Manufacturing in U.S. Expands at Fastest Pace Since May 2004

By Katia Dmitrieva, March 1, 2018

 

U.S. factories expanded in February at the fastest rate since May 2004, indicating sustained strength in manufacturing as demand remains solid, figures from the Institute for Supply Management showed Thursday.

Key Takeaways

The latest advance extends a series of healthy readings in the survey-based measure of manufacturing that’s being fueled by improving global economies and firm business investment. It also comes on the heels of a late-year pickup in consumer spending, which advanced in the fourth quarter at the fastest pace in more than a year.

The purchasing managers group’s gauge of export orders was the strongest since April 2011. While orders and production were a touch weaker in February than the prior month, the readings are nonetheless robust.

The report showed factories are having some difficulty keeping up with demand. The ISM’s index of order backlogs climbed to a more than 13-year high. Delivery times also lengthened in February, with a measure reaching the second-highest level since 2010. That may help explain the rise in the group’s gauge of manufacturing employment, which posted its largest month-over-month gain in more than two years.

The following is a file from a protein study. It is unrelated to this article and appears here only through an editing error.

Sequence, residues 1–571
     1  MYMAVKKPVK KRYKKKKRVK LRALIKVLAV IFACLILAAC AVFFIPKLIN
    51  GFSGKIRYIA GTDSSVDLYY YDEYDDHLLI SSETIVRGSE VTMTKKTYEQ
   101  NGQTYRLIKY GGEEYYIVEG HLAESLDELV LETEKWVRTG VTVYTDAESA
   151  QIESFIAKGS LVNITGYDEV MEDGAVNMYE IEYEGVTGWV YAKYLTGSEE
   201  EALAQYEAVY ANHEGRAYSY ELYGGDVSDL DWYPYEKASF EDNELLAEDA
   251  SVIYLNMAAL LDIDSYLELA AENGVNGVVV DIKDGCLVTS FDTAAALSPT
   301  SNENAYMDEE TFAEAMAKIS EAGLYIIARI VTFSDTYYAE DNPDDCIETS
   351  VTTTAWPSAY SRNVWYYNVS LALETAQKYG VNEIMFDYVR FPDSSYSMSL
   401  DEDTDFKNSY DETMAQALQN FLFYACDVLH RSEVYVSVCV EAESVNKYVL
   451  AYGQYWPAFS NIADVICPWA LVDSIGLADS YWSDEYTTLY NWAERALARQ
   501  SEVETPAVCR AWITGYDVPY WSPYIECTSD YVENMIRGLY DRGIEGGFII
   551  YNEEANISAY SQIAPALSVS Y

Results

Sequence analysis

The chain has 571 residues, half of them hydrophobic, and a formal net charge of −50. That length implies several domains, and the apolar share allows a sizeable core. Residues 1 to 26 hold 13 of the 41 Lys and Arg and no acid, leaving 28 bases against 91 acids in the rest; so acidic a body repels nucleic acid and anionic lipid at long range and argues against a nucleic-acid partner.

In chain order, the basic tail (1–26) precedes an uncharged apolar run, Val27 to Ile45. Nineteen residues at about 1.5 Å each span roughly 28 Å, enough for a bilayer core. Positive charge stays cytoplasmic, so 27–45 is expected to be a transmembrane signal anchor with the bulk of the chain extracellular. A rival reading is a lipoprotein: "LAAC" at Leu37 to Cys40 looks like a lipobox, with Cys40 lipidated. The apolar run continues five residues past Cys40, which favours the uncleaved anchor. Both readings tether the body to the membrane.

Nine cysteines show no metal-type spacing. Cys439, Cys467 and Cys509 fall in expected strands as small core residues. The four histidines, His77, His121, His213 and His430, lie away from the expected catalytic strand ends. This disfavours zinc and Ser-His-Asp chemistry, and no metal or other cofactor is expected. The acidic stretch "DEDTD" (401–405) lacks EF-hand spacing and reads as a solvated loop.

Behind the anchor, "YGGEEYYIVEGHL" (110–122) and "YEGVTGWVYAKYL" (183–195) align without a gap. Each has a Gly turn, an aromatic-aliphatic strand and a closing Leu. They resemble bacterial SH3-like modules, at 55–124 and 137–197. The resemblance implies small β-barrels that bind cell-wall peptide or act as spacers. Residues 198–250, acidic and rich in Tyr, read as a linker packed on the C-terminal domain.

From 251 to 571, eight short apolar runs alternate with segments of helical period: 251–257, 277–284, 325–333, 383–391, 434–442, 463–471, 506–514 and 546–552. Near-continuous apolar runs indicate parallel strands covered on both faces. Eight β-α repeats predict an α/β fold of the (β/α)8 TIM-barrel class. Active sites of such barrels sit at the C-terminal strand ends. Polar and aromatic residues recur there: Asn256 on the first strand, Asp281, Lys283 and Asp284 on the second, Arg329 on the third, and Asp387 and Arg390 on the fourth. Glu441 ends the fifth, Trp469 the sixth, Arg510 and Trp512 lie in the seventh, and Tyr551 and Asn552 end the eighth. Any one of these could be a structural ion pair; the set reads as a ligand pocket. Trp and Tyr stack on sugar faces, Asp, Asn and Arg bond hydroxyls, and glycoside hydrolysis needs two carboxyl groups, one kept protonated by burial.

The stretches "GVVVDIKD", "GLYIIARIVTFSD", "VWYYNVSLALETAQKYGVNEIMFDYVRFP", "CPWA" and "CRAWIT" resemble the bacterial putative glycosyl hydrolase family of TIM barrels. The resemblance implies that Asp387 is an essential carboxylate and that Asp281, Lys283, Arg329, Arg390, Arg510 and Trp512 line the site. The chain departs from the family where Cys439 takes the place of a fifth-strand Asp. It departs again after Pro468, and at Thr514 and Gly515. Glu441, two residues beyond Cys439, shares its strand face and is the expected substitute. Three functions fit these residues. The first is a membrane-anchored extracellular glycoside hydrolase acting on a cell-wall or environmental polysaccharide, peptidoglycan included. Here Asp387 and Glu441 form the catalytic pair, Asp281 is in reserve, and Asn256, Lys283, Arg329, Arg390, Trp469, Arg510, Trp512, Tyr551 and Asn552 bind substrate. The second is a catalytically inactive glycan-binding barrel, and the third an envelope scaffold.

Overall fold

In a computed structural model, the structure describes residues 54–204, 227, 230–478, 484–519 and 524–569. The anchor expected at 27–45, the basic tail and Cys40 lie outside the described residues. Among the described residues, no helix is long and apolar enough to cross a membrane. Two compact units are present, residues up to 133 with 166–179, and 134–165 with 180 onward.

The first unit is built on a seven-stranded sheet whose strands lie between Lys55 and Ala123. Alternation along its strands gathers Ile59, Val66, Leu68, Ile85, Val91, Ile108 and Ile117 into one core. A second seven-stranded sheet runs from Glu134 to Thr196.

“All indications are that demand will continue to grow,” Timothy Fiore, chairman of ISM’s factory survey committee, said on a conference call with reporters. “There are a number of issues going on here in the supply chain that’s pushing things up. The net result is there are problems in inventories, which are growing."

In addition to firmer overseas and domestic sales, corporate optimism is getting a lift from the recent tax-cut law and reduced regulation.

The ISM report showed 15 of 18 manufacturing industries indicated growth last month, led by printing, primary metals and machinery.

Other Details

  • Production index dropped to 62 in February from 64.5
  • Measure of export orders jumped to 62.8 from 59.8; marked fourth straight advance, the longest such stretch in six years
  • Index of customer inventories fell to 43.7 from 45.6, indicating stockpiles were being depleted at a faster rate
  • Factory inventories gauge rose to 56.7 from 52.3
  • Gauges of supplier deliveries climbed to 61.1 from 59.1

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